Many women assume that if they're not being physically abused by their partner, then they're not actually being abused.
You may be in a relationship which is draining something from you — you might not have recognized that your partner has eroded your self-esteem and happiness.
Abuse takes different forms. Emotional abuse is the precursor to most cases of physical domestic violence. According to recent UN statistics, the occurence of emotional abuse by an intimate partner is much higher than that of physical abuse. Recognizing the early signs is key to stopping abuse before it causes damage.
September is Emotional Abuse Signs Awareness month. Read more about the devastating effects that this form of abuse can have on us.
Get help now! Here's how:
In Canada, visit the Ending Violence Association of Canada website and select the province in which you reside.
In Europe, visit the European Commission's list of hotlines and select the country in which you live (there are 46 countries listed).
In Hong Kong, phone the Hong Kong Federation of Women's Centres hotline @ 2386 6255.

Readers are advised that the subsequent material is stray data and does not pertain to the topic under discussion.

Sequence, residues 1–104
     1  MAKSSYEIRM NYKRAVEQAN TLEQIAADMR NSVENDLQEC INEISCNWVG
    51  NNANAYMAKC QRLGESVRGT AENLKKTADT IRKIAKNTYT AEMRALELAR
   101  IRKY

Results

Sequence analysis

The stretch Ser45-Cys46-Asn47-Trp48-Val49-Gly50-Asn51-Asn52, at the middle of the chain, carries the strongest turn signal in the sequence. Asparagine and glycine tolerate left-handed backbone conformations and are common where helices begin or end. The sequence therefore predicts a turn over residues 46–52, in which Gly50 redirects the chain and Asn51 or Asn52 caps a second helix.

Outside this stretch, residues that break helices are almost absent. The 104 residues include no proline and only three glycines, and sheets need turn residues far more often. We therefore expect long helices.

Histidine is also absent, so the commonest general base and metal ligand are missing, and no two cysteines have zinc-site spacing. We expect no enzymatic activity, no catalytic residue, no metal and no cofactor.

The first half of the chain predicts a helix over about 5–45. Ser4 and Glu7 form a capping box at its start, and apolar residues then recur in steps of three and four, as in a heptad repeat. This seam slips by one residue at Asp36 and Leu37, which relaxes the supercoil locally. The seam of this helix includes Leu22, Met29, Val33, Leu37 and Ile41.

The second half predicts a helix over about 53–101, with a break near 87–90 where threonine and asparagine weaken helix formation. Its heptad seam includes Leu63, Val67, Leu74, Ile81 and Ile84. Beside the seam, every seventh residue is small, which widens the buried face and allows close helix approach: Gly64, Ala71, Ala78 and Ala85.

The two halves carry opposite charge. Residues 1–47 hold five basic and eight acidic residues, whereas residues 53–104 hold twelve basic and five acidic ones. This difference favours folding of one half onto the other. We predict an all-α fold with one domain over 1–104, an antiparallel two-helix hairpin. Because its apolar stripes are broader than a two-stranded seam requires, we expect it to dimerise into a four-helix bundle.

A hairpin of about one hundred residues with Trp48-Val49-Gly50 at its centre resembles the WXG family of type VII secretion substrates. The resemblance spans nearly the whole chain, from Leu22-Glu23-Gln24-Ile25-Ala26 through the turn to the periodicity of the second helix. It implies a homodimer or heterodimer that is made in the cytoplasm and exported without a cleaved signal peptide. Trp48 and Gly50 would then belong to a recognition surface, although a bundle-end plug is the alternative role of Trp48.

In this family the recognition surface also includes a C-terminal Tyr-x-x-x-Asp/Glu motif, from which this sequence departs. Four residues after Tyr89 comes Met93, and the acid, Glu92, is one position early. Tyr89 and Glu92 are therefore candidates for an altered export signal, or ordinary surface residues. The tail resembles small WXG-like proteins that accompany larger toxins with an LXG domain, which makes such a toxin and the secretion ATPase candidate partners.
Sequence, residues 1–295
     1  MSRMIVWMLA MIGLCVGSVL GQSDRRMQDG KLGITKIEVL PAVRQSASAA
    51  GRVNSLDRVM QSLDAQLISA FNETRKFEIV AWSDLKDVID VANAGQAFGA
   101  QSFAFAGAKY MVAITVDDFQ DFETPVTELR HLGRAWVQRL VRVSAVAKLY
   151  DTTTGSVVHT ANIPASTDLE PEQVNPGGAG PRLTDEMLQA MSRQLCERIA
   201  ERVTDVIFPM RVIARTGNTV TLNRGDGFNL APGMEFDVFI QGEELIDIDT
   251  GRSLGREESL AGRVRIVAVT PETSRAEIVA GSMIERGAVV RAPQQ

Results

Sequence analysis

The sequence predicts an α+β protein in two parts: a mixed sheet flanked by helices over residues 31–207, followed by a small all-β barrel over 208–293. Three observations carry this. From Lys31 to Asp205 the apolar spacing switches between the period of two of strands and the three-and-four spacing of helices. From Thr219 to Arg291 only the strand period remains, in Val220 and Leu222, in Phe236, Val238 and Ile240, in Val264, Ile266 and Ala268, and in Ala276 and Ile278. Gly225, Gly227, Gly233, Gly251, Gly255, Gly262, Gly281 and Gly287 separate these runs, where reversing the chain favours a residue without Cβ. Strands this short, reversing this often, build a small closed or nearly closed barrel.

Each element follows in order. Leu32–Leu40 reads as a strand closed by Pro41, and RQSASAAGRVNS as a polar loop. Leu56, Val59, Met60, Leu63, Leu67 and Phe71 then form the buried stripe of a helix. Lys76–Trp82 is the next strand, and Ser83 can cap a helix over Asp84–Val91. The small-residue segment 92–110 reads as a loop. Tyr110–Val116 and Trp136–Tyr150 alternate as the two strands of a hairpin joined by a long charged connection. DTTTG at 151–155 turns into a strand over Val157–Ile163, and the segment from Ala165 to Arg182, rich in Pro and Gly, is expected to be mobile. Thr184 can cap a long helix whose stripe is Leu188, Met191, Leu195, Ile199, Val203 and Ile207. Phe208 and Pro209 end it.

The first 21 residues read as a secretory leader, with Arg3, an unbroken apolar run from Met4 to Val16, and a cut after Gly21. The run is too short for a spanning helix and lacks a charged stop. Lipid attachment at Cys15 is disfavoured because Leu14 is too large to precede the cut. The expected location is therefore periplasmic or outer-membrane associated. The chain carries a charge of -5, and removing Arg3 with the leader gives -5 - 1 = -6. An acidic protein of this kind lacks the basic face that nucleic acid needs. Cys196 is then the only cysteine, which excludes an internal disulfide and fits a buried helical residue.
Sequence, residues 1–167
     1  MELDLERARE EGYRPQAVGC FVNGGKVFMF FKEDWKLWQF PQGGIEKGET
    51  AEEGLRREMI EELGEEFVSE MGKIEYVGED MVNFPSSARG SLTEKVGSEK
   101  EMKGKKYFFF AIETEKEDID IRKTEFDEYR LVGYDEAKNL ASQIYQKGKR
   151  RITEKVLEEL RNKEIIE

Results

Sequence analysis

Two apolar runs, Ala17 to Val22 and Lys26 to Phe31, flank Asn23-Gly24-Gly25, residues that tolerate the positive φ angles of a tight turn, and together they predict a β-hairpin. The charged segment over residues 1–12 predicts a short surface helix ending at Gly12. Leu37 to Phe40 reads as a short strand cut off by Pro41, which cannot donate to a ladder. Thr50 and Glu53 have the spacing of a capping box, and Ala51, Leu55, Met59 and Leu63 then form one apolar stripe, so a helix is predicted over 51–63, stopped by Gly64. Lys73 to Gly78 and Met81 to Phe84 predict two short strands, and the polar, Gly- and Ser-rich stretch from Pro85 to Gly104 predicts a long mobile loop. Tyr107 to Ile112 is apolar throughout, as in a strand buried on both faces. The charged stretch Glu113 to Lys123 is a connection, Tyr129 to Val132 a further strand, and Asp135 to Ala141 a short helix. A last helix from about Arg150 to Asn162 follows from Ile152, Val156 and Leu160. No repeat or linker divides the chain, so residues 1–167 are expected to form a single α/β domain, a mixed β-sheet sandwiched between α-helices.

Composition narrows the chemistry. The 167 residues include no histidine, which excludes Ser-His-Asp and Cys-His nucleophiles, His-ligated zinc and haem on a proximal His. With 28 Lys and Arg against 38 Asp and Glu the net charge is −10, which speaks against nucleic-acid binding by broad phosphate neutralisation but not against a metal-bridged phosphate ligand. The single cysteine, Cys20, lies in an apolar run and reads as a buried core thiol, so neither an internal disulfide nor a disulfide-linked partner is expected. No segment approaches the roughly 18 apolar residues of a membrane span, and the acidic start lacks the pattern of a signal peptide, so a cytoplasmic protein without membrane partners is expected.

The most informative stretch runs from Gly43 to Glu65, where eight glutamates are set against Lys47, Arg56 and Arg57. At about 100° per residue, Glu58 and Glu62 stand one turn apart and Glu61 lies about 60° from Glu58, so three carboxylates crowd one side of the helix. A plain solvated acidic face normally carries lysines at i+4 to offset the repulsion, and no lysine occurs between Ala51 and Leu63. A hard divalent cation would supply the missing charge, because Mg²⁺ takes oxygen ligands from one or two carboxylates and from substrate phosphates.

In South America, consult this list of hotlines (by country/region).
In the United States, call The National Domestic Violence hotline @ 1-800-799-SAFE (7233). There are more than 200 languages serviced.
If you can't find a number for your country or region, please try contacting your local resource centre or domestic violence shelter. Don't wait.
Abuse is not simply physical violence, and it is not just a conflict between two people.
It is a systematic pattern of behaviour used to establish power and control over another person.
How? Through fear and intimidation.
Many women assume that if they're not being physically abused by their partner, then they're not being abused.
That's not necessarily true.
You may be in a relationship which is draining something from you but you don't realize it.
Certainly, not everyone who is addicted to drugs or alcohol abuses his or her partner. Likewise, not every domestic violence abuser has an issue with substance abuse or misuse. However, far too often, the two are related.
Below is a list of books that you may find helpful (you should find any of these at your local library; submit a request for purchase, if unavailable).
A Crash Course in Understanding, Navigating, and Healing From Narcissistic Abuse
— by Dana Morningstar
Healing from Hidden Abuse
A Journey Through the Stages of Recovery from Psychological Abuse
— by Shannon Thomas, LCSW
When the People in Your Life Use Fear, Obligation, and Guilt to Manipulate You
— by Susan Forward